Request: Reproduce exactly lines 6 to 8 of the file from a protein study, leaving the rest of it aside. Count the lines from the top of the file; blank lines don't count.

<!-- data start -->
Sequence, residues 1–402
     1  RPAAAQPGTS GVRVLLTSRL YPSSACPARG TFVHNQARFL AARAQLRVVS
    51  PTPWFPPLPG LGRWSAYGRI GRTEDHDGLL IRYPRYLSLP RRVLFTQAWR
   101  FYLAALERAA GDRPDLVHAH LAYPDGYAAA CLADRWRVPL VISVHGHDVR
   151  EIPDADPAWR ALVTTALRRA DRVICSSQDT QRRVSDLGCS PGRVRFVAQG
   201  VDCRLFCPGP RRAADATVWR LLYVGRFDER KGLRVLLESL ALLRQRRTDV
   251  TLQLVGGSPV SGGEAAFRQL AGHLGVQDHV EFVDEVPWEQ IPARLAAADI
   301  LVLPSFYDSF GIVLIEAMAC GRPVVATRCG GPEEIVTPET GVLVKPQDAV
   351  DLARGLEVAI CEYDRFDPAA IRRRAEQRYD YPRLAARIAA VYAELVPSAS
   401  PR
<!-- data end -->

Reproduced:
   201  VDCRLFCPGP RRAADATVWR LLYVGRFDER KGLRVLLESL ALLRQRRTDV
   251  TLQLVGGSPV SGGEAAFRQL AGHLGVQDHV EFVDEVPWEQ IPARLAAADI
   301  LVLPSFYDSF GIVLIEAMAC GRPVVATRCG GPEEIVTPET GVLVKPQDAV